November 6, 2007 by admin
Strumming, Picking, and Shredding:
After leaving Guitar Player, Jim Crockett raced cars and wrote/published a monthly newsletter, “Autoracer’s Monthly,” for serious amateur racers.
Then Crockett and his wife moved to their Cayman Islands home for eight years. He had a five-person scuba shop that he ran for five years, handling marketing, training, taking divers on trips, etc. He also played drums in two rock bands, two jazz bands, a 22-piece swing band, a Dixieland band, a show band, a blues band–and had the time of his life. Additionally, he taught broadcasting, writing, and public speaking, and created an educational radio station, at the International College of the Cayman Islands. And there was a year or two as a news editor and announcer for the goverment’s Radio Cayman.
Crockett and his family (along with 18 assorted animals) live on five acres in Southern California. For a while he was a Media Relations Executive with an international PR firm for publically-held companies, then put in a few years with a daily newspaper and now has a couple of agents shopping his screenplay, Great While It Lasted (based on a true story of the world’s first female jazz band, 1916-29). He has also written and published the book, The Why-to of Scuba Diving.
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“Was this an opera mag, a bagpipers newsletter…”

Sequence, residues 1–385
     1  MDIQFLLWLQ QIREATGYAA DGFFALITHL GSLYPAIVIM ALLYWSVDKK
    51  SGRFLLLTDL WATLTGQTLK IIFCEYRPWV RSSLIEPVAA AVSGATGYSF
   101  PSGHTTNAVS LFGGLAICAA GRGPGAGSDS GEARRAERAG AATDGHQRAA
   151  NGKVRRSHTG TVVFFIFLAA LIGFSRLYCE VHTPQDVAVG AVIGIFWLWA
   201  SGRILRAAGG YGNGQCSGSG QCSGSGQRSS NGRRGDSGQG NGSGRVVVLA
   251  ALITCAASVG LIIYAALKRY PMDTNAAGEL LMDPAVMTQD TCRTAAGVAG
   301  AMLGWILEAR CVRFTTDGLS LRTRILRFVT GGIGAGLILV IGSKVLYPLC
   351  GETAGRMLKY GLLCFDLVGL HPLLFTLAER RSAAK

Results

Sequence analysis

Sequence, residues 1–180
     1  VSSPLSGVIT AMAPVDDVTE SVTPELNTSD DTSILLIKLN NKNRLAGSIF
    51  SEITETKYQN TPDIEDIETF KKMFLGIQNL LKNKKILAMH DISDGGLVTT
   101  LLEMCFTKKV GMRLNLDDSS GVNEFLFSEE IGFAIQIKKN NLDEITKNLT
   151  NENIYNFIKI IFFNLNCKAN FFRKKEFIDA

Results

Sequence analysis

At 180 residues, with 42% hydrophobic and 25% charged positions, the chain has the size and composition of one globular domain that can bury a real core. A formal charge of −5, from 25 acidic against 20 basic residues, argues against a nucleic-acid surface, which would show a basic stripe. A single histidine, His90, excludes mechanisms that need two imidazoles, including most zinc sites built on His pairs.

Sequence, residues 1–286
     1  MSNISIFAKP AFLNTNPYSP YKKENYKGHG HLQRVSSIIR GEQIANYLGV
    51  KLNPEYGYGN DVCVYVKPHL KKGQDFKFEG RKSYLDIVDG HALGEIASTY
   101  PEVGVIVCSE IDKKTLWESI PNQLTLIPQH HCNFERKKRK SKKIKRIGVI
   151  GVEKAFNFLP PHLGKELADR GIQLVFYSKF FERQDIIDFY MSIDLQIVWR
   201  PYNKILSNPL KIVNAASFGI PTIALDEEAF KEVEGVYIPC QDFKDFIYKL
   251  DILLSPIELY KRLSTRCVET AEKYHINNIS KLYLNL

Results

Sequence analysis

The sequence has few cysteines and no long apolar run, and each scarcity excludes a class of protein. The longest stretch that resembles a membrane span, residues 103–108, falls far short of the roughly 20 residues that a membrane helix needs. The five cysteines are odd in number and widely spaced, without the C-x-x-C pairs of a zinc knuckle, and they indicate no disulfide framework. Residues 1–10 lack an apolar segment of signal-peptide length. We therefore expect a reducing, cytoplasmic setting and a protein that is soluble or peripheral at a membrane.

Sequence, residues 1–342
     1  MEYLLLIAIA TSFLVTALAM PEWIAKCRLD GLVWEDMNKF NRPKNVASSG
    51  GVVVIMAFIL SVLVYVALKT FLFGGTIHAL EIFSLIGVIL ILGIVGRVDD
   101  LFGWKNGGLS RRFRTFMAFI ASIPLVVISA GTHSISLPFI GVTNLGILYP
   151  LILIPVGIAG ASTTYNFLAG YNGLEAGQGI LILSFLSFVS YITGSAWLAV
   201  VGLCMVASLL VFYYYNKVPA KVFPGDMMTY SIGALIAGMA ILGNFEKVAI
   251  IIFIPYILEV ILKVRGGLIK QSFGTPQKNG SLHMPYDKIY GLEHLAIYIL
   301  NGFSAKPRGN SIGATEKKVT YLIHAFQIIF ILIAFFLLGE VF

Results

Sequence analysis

“By 1970 I’d quit teaching broadcasting at the Univ. of Idaho in Moscow over fighting a loyalty oath issue, moved to Livermore, CA with my wife, two daughters and a son. And no job. I worked a while in an art gallery in San Francisco; we lived in Stinson Beach, and I scuffled around looking for a steady job in San Francisco. Began freelance writing, doing feature stories for the SF Chronicle, SF Examiner and San Jose Mercury Sunday sections. Fine, but a little difficult to support one’s family.
“I always believed in one thing a day toward a goal equals 30 things a month, and at that rate, something’s got to break free. My one thing, that day in 1970, was to check the newspaper classifieds, and there was a 4-line ad: ‘Editor wanted for music magazine’ was the lead. I’d been a drummer from the mid-50s, was a DJ, did jazz radio shows, produced jazz concerts, etc. Music! I couldn’t believe it. But, was this an opera mag, a bagpipers’ newsletter, a flautists’ quarterly? I went to the three-room office in Los Gatos, CA to meet, and interview with, Bud Eastman, the creator of Guitar Player magazine. Great gentleman, excellent country pedal steel player and had a music store in San Jose. So, he had a customer list–but few customers. He started Guitar Player in 1967 basically to drum up business for the store, but, after a couple of years, he began to think there might be something here. He was wise enough to realize that while he knew music and musicians, he didn’t know publishing. He needed someone to run the magazine. With my years of writing and music, Bud felt I was worth a try, so we shook on it.